On Thursday, November 10th, at 12:27 p.m. my phone rang. It was Sharon Peregoy, member of the Crow (Apsaalooke) Nation, and instructor at Little Big Horn College in Crow Agency, Montana. I had emailed her a week earlier to introduce myself and my hunt for a Crow language editor for my new novel, and could she point me in the right direction?
Eleven months prior to this phone call I’d decided to write a love story about an Indian warrior (who was Crow) and a white woman (who became an alien).
While it’s easy to make up a fictitious alien culture, dealing with a real one is hard because you can’t make any assumptions. My main concern was to treat the Crow culture with respect, hence the amount of research which went into the story. Despite all this research, I was counting on hiring a Crow editor to make sure everything was accurate.
Sharon, who promotes Crow language acquisition and cultural knowledge, called to say she was interested in taking on the job, and boy, am I glad she did. All but three of my Crow words were wrong (tense and context are everything), as were a few customs. She wrote the Honor song in the epilogue and gave me greater insight into Crazy Warrior’s vision quest. (It’s strange when someone knows one of your characters better than you do.) She’d send her edits, I’d call her with questions; she’d edit some more, I’d call with more questions. The result is that, while the story is fiction, any reference to Crow culture or history is factual.
In fact, Crazy Warrior completes the real requirements for becoming an Apsaalooke chief, which are:
- Be the first to count coup on an enemy in battle (mentioned in Ch. 10)
- Take away an enemy’s weapon (Ch. 11 and 12)
- Steal a horse from an enemy’s camp, the “horses” being the Alpha Glider and Langtunna 1 (Ch. 11)
- Lead a successful war party (Ch. 12 and 13)
Crazy Warrior tells Daga there are only three requirements, which is because the story takes place a few years before the Crow acquire horses.
(Here’s the color version of the map, created by cover designer extraordinaire Patrick Knowles, which is black & white in the paperback edition. This is what Crazy Warrior sees when he picks up the electronic map.)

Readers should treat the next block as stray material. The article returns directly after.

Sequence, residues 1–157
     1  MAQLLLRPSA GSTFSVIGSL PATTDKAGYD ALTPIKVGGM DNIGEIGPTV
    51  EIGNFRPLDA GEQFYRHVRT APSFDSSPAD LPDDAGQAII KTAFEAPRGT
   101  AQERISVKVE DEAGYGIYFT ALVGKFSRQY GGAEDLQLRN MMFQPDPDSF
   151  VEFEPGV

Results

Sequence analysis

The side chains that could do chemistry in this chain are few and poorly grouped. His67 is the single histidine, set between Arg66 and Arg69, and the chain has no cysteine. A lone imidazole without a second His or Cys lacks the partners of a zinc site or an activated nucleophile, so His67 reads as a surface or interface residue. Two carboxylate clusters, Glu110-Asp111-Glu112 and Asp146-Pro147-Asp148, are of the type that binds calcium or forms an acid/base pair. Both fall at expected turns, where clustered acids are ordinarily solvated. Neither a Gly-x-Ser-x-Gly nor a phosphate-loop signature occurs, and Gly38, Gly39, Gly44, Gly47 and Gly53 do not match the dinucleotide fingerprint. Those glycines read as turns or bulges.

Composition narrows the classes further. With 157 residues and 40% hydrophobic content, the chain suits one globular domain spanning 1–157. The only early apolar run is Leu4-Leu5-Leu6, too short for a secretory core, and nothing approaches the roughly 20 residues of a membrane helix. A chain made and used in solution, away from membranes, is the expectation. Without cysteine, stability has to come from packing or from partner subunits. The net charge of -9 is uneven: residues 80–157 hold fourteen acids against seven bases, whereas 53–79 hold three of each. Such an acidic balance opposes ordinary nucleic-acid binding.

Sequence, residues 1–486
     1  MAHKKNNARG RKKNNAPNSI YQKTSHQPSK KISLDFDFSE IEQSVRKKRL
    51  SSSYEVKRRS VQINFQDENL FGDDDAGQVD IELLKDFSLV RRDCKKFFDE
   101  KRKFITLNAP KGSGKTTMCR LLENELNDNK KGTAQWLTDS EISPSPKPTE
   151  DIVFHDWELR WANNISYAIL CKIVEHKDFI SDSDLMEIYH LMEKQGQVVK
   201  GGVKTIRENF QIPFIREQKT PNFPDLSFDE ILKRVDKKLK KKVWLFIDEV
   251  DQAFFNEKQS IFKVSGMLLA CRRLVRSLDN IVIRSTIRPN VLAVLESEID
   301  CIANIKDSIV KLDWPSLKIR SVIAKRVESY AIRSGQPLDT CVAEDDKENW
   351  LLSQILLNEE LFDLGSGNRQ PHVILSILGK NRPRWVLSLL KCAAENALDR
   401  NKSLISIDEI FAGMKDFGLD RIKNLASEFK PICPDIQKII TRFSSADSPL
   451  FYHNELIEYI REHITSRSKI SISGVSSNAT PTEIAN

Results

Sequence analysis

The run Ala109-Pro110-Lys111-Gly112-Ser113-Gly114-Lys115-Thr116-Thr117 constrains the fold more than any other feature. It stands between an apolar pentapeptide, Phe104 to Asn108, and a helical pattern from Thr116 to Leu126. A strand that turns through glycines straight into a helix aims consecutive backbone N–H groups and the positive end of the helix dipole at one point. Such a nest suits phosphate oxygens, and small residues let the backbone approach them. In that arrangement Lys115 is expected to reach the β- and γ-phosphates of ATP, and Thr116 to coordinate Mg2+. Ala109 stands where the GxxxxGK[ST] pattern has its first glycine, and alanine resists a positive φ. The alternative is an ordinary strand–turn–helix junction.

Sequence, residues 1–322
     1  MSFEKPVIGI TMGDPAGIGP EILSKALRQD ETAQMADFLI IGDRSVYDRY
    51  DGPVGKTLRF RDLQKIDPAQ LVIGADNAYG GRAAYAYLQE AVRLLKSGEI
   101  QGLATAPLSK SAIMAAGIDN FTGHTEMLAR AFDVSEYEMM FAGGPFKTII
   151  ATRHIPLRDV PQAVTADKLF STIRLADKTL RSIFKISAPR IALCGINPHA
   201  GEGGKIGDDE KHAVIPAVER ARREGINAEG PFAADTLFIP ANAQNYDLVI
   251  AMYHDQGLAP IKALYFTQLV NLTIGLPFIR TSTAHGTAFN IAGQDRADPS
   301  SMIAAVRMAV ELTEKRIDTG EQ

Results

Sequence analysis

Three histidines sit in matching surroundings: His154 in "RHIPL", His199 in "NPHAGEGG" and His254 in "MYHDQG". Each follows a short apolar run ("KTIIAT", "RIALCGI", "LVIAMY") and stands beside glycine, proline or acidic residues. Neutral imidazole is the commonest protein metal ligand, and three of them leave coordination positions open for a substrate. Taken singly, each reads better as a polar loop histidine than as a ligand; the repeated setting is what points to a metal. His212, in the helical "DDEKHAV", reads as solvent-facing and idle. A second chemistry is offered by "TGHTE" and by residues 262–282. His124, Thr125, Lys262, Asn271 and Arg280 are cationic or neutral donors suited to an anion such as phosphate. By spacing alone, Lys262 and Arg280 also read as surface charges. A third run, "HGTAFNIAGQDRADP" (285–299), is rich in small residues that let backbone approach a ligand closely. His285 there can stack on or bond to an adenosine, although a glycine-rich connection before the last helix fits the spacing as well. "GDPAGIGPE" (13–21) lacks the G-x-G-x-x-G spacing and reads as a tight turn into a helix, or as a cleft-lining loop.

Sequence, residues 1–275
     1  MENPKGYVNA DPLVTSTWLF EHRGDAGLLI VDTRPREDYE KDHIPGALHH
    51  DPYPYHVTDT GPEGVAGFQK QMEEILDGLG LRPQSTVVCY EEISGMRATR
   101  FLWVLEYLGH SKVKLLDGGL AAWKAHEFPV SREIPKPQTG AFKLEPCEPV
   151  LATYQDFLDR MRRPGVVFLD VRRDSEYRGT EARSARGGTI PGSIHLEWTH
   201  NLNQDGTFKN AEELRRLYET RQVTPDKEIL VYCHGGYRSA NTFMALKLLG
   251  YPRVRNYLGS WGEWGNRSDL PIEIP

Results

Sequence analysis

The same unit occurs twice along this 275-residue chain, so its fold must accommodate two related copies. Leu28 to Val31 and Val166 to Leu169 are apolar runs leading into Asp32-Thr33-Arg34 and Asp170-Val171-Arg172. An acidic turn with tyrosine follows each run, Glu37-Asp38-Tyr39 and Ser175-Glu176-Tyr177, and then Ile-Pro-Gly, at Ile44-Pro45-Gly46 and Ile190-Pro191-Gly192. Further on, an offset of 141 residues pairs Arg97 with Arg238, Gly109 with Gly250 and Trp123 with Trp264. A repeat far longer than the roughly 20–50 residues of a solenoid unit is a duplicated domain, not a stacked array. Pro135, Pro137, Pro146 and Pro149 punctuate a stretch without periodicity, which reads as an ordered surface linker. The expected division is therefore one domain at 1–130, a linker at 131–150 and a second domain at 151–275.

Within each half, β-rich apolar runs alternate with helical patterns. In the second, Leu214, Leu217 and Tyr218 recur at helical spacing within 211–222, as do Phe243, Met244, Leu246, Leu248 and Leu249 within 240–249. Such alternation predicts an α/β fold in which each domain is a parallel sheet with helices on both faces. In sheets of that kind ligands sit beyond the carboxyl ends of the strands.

My next big concern was dialogue. I wanted Daga to learn Crow, and while it was understood she spoke it stiltedly, her dialogue was written fluently. However, I prefer to err on the side of realism, so I went back through the manuscript again and again . . . and again and again . . . and then some more . . . simplifying her dialogue to make it broken yet (hopefully) realistic, having her slowly learn the language but never become fluent. This meant transferring a lot of details into thought or leaving them out altogether and hoping it wouldn’t diminish the quality and style of the book.
As for the Crow characters’ dialogue, I make no claim to realism, except for this:
Crow have a verb ending used in place of an indirect quotation, thus they cannot say, “He said that he would come.” Instead, they say, “He will come, it is said.” – Crow Word Lists: Crow-English and English-Crow Vocabularies, Robert H. Lowie, p.ix, 1960.
That’s why Crazy Warrior tells his brother, “Daga doesn’t want a handsome husband, she says,” instead of “Daga says she doesn’t want a handsome husband.”
By the way, most Peak names are borrowed from Norwegian and Sami. Valley names are variations of the word water in French, English, and Welsh (Bryn is the only exception).
**UPDATE: December 2017: Still editing . . . lengthened by about 30 pages . . . revisions needed for front and back cover . . . possible publication date Summer 2018?
Seal from the Crow Tribal flag – opi.mt.gov
Sharon’s photo – leg.mt.gov
Map and cover design – Patrick Knowles